Monday, March 17, 2008
Monday's "NASCAR Now" Ready For Primetime
Ever since ESPN2 made the commitment to completely change Monday's one hour NASCAR Now program this season, the comments from the TV viewers have been mostly positive.
On this Monday, Allen Bestwick was hosting a "roundtable" discussion that featured Ray Evernham, Rusty Wallace and Mike Massaro. This combination proved to be completely effective in terms of bringing a level of credibility to NASCAR Now that could not be questioned.
After a solid discussion of the Bristol Cup race, the panel welcomed Richard Childress by satellite for an interview. RC is getting as much out of this one, two, three finish as possible. One of NASCAR's best interviews, RC did not disappoint with his frank comments on everything from Tony Stewart's problems to the future of Childress Racing.
In following the Childress interview, the panel launched into exactly the type of open and flowing conversation that has attracted NASCAR fans to this program. Bestwick floated all kinds of topics, and let each panelist contribute without interruption. Wallace and Evernham seemed to be working well together, and this chemistry between the two big fish on the panel really set the tone for good content.
This week, it seemed that NASCAR Now had carved out as much time as possible for discussion. Using video highlights and driver soundbites to enhance the conversations, Bestwick really showed his ability to weave these TV elements together in a very effective manner.
In turning this program around from last season, ESPN has made one of the most painful decisions possible for them. Gone is the high-tech studio set, along with all the bells and whistles that used to dominate this program. In learning what NASCAR fans wanted to watch on Mondays, the network realized that "less was more."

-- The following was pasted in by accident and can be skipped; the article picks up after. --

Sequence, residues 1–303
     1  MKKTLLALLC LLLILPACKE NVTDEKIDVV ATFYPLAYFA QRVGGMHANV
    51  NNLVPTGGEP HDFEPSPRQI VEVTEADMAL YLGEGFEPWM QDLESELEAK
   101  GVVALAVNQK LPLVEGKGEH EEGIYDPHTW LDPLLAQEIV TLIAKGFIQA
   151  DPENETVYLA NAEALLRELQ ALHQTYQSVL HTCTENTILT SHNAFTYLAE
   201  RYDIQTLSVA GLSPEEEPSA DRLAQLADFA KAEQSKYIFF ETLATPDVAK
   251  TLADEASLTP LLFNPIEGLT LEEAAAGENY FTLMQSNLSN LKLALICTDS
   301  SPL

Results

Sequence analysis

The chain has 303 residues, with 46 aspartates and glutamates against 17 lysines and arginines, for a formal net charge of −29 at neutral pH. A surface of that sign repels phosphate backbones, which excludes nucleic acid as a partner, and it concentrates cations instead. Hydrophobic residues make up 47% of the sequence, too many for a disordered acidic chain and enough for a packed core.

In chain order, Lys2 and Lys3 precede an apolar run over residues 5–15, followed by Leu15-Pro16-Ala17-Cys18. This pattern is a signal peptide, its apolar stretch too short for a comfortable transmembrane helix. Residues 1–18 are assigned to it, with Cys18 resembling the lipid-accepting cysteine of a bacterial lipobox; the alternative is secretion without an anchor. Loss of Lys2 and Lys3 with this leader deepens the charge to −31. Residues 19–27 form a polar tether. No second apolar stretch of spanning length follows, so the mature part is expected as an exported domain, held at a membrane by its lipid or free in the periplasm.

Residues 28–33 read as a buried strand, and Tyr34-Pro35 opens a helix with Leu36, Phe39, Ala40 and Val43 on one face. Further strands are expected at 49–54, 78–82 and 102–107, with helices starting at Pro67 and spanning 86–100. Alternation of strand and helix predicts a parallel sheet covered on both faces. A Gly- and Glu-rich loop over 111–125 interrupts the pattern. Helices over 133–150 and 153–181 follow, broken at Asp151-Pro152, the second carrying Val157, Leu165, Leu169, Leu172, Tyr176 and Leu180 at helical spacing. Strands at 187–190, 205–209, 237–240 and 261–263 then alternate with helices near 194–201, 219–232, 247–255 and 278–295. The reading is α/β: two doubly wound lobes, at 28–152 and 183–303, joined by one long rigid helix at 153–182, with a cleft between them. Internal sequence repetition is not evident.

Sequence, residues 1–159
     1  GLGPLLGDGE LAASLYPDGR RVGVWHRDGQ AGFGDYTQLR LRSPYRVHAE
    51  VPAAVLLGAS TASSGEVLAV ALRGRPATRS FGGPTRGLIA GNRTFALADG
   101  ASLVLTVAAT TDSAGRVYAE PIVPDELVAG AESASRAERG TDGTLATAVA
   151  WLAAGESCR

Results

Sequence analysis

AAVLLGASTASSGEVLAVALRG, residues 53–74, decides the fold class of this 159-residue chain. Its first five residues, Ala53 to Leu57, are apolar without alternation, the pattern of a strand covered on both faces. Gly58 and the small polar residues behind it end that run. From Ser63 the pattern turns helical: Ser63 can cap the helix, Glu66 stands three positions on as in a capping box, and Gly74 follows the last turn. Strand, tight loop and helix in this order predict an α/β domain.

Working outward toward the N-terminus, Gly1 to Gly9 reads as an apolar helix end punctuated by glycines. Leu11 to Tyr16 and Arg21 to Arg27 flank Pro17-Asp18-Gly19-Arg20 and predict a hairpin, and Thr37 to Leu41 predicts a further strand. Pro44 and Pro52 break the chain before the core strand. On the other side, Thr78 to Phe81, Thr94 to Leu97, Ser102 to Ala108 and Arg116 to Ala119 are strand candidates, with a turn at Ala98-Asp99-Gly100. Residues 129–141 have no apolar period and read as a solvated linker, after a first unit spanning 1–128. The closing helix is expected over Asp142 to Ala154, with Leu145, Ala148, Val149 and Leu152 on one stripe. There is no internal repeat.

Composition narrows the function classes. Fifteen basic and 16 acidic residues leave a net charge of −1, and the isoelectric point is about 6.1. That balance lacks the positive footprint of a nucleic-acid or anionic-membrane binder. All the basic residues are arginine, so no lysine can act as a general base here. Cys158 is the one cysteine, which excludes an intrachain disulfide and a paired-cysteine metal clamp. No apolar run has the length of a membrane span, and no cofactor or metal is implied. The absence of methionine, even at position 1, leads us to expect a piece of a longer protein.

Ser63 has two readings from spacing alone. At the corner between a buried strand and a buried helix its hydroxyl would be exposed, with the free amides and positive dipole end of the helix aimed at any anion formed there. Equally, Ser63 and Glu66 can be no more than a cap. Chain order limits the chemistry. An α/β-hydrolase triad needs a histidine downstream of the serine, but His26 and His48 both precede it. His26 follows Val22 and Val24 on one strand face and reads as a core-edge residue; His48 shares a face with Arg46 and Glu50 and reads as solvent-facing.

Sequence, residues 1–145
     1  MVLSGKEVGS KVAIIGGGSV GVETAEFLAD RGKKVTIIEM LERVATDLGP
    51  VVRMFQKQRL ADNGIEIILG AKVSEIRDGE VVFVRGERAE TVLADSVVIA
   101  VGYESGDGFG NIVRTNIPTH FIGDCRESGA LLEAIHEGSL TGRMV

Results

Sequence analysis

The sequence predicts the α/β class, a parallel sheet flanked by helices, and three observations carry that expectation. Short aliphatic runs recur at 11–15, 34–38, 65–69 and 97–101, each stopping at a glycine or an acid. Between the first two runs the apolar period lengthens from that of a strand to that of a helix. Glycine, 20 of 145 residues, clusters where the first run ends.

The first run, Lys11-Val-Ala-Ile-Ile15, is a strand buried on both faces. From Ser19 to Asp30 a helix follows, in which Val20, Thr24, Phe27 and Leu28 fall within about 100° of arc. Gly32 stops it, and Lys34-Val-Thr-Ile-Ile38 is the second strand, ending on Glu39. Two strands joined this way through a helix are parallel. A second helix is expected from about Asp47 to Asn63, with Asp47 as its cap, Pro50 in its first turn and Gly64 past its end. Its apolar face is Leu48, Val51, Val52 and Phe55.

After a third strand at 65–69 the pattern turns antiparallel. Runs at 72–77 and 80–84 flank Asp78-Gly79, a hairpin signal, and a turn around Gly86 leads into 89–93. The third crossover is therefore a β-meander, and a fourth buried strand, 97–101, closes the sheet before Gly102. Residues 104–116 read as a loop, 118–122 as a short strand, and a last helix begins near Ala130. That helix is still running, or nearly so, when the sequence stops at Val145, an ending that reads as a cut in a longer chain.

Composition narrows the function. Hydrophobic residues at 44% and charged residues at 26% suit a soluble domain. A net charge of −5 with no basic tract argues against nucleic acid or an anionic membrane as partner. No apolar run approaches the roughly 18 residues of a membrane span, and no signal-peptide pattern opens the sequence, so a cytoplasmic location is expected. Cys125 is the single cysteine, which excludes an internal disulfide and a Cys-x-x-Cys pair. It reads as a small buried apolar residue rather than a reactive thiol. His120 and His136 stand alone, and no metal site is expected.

Bestwick raised the Top 35 issue with the panel, and used reactions from several drivers to address this topic. The panel was clear in the differences involving practice for the two groups of Cup drivers, and how the world was about to change for Cup regular Jamie McMurray. The panel spared McMurray a review of his brisk response to this issue on a NASCAR Now episode from last week.
In addressing the Dale Jarrett retirement issue, the program presented a behind-the-scenes all-access feature. Rather than just another re-hash of Sunday, this feature turned out to be very thorough and balanced in tone. Beginning with Friday practice, the words of Jarrett and his true feelings about stepping aside as an active driver hit home for many fans. Wrapping-up with his heartfelt words from the actual drivers meeting, the feature ended with the NASCAR reality of finishing outside the top ten.
The best way to put the cap on this subject was to use the roundtable panel to tell some stories. Wallace and Evernham came through with comments re-enforcing Jarrett's dignity, but Massaro got the best reaction when he referred to the years where ESPN reporters were banned from the NASCAR tracks. Massaro said he had seen a lot of Jarrett at the helicopter pads over the years, and he always had time for ESPN.
This program is maturing before our eyes. Now, it may be time for ESPN to address the fact that this outstanding program is on-the-air at 5:30PM Eastern and 2:30PM Pacific Time on Mondays. It does repeat at Midnight Eastern Time, but that still cheats East Coast fans who are not able to watch this program live or record it.
As the season continues, ESPN execs are not going to be able to ignore the fact that they have a hit on their hands. It should be very interesting to keep an eye on the Monday version of NASCAR Now, as primetime seems to be in this program's future.
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